1
$\begingroup$

I notice that for quite a few elements, oxygen comes before it in alphabetical order. Here is one of the rules in inorganic chemistry for molecular formulas:

Put all the elements in alphabetical order.

So why do oxides always have what is being oxidized followed by oxygen?

That makes some molecular formulas like PO4 for phosphate violate the rule in inorganic chemistry that the elements are arranged in alphabetical order.

I guess all oxides have some element(except for oxygen or fluorine) followed by oxygen because:

1) it clarifies that what you are talking about is an oxide of that element.

and

2) the structure of an oxide is always some element with oxygen atoms around it.

$\endgroup$
  • 1
    $\begingroup$ Oxygen difluoride is OF2. The convention seems to be less electronegative element first which means that O will always be second except with F. $\endgroup$ – Brinn Belyea Aug 2 '14 at 15:48
  • $\begingroup$ I thought the convention was alphabetical order unless it is a hydrocarbon and if it is a hydrocarbon the C before the H and the H followed by everything else in alphabetical order. $\endgroup$ – Caters Aug 2 '14 at 17:31
1
$\begingroup$

Generally the least electronegative element is written first. And while naming also, +ide is attached as prefix to the more electronegative element. For Ex- $ICl$ is written as Iodine Chloride not Chlorine Iodide. Similarly $OF_2$ is written as Oxygen Difluoride. Coming back to your question, Oxygen is the second most electronegative element in the periodic table after Fluorine. Therefore it is generally written after all the other elements (except fluorine).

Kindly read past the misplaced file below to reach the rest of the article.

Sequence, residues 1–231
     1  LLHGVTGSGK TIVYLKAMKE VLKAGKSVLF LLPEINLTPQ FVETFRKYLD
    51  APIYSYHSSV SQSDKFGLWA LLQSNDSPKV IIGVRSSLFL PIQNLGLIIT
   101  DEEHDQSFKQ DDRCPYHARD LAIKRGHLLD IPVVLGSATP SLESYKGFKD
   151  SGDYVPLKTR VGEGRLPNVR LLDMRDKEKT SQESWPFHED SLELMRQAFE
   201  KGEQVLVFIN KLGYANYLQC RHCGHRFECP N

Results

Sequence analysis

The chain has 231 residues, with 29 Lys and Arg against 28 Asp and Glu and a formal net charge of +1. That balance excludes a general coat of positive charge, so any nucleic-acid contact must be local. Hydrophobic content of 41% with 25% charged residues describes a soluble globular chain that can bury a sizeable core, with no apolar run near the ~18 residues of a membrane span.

| improve this answer | |
$\endgroup$
  • $\begingroup$ I have read that the convention is to use the alphabet rule when writing molecular formulas unless it is organic and then you have CxHy first and then the alphabet rule for everything else. $\endgroup$ – Caters Aug 9 '14 at 1:44
  • $\begingroup$ You have read correct, organic compound have a complete different nomenclature according to IUPAC, which has nothing to do with compounds like $OF_2$ AND $ICl$. $\endgroup$ – user2619 Aug 9 '14 at 3:05

Your Answer

By clicking “Post Your Answer”, you agree to our terms of service, privacy policy and cookie policy

Not the answer you're looking for? Browse other questions tagged or ask your own question.